Sharing in the Clean Energy Revolution

www.greentechmedia.com - Clean energy is the next frontier in America’s sharing economy. With solar costs low and consumer demand high, the number of potential renewable energy customers could quadruple overnight if providers can find a way to serve those who can’t put renewable energy on their own property. Shared renewables arrangements offer these customers a pathway to clean energy. Continue reading

With Community Solar, Rates That Never Rise

www.earthtechling.com - Strictly looking at it in money terms, here’s the gamble that Orlando, Fla., residents can make: They can continue to pay around 10 to 12 cents per kilowatt-hour for their electricity and hope the price doesn’t go up too much in the coming years. Or they can back a community solar project, and pay 13 cents/kWh – for the next 25 years. Factor in the environmental benefits of solar power, and this one seems like a no-brainer. Continue reading

Community Shared Solar Legislation Moving Forward Across America

blog.solargardens.org -
     2013 could be the year for shared solar in the United States! Subscription model solar projects using virtual net metering (VNM) are becoming a new industry sector. Thousands of homes and businesses otherwise constrained by shade or limited space can now receive credit on their electric bills for solar power through the grid.

 After the rapid growth of solar gardens in Colorado with XCEL Energy's Solar*Rewards Community program, the idea has started to catch on with utilities and citizens groups across the country, and new legislation is being introduced.  I had a chance to have a conversation with Hannah Masterjohn at the Vote Solar Initiative - we cobbled together a list of active legislation in different states. For most of these states (California, DC, Maryland, and Hawaii) this is the second attempt at community solar / VNM legislation - there is a steep learning curve for legislators and advocates alike. Some fine tuning has happened as well, as more experience is gained with the model.

California - Shared Renewable Energy Self-Generation Program, SB43 - Introduced in 2012 as SB843, this bill died in the last hours of the legislative session. The new version of the bill includes provisions for low-income individuals, requires a percentage of the subscribers to be in the same county as the solar garden, and has a carve-out for solar gardens less than 1MW in size.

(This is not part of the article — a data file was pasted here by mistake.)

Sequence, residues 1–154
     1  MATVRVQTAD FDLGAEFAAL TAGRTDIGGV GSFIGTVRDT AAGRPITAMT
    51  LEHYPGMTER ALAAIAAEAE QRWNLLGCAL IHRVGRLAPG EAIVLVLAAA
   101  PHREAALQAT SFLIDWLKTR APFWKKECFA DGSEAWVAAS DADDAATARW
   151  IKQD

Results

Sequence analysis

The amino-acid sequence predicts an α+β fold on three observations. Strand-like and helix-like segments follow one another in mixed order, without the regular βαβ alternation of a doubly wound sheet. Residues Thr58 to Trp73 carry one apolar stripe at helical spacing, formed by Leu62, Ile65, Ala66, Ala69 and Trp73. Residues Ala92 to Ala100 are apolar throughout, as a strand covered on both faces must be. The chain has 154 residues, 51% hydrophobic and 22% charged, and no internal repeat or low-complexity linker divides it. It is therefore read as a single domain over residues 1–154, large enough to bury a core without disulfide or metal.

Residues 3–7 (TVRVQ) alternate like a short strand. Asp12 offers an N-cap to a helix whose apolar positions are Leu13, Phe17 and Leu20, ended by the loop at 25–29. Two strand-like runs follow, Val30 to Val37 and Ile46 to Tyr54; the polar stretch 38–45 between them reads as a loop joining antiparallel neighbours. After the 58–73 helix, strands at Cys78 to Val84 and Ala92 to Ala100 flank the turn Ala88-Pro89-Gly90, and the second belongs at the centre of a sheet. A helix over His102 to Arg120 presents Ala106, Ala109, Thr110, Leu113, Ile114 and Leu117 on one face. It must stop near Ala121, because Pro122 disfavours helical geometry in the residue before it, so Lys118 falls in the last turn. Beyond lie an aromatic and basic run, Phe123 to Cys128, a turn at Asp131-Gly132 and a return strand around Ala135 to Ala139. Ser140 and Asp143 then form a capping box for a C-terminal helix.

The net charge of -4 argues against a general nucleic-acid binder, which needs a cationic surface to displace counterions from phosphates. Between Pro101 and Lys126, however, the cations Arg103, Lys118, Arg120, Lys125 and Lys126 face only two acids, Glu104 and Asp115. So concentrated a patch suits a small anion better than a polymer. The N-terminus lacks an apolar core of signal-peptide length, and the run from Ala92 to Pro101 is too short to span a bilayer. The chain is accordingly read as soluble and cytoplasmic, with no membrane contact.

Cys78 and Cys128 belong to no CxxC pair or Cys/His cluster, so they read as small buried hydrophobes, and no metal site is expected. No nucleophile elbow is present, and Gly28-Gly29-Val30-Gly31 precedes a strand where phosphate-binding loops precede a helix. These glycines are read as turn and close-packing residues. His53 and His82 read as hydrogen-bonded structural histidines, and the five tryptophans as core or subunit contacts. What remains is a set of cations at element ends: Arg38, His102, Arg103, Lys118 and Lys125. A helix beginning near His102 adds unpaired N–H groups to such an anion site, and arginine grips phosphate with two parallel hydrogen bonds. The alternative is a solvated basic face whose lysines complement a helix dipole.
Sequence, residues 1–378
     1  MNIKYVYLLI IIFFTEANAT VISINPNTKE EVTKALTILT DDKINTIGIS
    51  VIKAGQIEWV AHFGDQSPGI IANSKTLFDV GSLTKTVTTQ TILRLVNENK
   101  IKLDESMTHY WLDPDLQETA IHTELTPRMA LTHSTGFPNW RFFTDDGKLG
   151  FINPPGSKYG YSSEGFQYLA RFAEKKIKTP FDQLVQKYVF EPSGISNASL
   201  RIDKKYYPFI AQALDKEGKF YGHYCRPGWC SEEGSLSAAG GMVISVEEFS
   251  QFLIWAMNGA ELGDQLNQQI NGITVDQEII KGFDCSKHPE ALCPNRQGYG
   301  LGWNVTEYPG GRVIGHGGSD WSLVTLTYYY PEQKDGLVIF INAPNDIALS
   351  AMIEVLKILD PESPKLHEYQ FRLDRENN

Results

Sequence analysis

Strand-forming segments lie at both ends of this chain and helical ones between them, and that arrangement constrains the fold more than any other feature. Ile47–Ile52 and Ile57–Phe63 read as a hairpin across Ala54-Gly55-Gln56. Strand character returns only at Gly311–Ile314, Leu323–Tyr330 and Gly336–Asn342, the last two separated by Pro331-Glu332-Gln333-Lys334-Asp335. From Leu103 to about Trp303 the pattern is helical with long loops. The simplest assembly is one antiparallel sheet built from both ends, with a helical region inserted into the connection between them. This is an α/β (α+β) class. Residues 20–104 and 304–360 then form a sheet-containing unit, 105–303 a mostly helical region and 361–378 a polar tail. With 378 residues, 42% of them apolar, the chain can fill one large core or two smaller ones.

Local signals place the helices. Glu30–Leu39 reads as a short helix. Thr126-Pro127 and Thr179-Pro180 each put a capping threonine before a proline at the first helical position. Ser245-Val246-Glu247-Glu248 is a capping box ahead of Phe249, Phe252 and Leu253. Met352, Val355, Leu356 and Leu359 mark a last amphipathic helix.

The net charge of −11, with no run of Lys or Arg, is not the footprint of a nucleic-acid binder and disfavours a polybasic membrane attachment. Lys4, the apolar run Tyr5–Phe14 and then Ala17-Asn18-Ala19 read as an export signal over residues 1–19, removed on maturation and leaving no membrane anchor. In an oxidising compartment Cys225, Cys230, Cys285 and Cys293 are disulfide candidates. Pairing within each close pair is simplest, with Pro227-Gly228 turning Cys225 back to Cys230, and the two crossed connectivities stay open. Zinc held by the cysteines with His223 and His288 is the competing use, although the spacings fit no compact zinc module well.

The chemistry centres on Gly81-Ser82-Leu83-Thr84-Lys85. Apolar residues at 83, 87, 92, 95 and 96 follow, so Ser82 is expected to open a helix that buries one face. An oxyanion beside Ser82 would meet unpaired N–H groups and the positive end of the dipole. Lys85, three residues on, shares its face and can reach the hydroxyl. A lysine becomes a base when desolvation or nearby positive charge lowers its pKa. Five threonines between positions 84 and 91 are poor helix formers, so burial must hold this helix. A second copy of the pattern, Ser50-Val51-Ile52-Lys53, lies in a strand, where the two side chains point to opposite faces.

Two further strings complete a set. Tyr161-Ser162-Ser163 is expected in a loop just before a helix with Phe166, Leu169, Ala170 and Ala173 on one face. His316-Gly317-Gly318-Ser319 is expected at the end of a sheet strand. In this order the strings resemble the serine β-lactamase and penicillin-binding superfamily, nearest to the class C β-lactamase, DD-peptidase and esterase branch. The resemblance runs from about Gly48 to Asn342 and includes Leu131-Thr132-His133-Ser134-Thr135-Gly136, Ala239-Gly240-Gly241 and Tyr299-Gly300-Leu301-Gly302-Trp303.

Connecticut - Comprehensive Energy Strategy, Governor's Bill 6360 - This bill allows for limited virtual net metering (say, between multiple meters of a property), and covers many different renewable technologies.

District of Columbia - Community Renewables Energy Act, B20-0057 - Establishes virtual net metering in the District. Projects up to 5 Megawatts with at least two subscribers are allowed. Unsubscribed energy credits will be distributed to users of the Low Income Housing Energy Assistance Program (LIHEAP). This bill explicitly adopts the Interstate Renewable Energy Council's (IREC's) Community Renewables Model Program Rules, which are currently being updated.

Maryland - Community Energy-Generating Facilities Pilot Program HB1128 and SB699 - Allows for biomass, solar, wind, fuel cell, or small hydropower. A three-year, 75 MW pilot program is proposed, with facilities up to 2 MW and a minimum of two subscribers.

Hawaii - Community Based Renewable Energy Act SB1330 - This offsite solar / virtual net metering bill was recently tabled in committee, likely needing further study.

Nebraska - Community Solar Gardens LB557 - Expands net metering to include community solar gardens up to 2 MW. Similar to the 2010 Colorado Community Solar Gardens Act in many ways, significant authority is handed to the Public Utilities Commission.

Washington - Renewable Energy Incentives HB1301 - This bill would make changes to the existing community solar program in Washington state. The maximum size of 75 kilowatts remains unchanged. A clean energy fund with competitive process for incentives is established, and performance standards promulgated.

     If you know of community solar legislation in states besides these, please contact joy@solargardens.org and I will add this state to the list.

Many thanks,

Joy


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How Mosaic Brings Solar to the 75%

blog.solargardens.org - From the roof of my condo complex in a sunny part of San Francisco, I can see solar panels on at least a few houses on each surrounding block. Yet solar for our condo has eluded us. When it comes to solar, condos -- with multiple owners and HOA regulations -- are a tough nut to crack. My condo is just one example of the many barriers to going solar for the 75%.

That’s where Mosaic comes in. Continue reading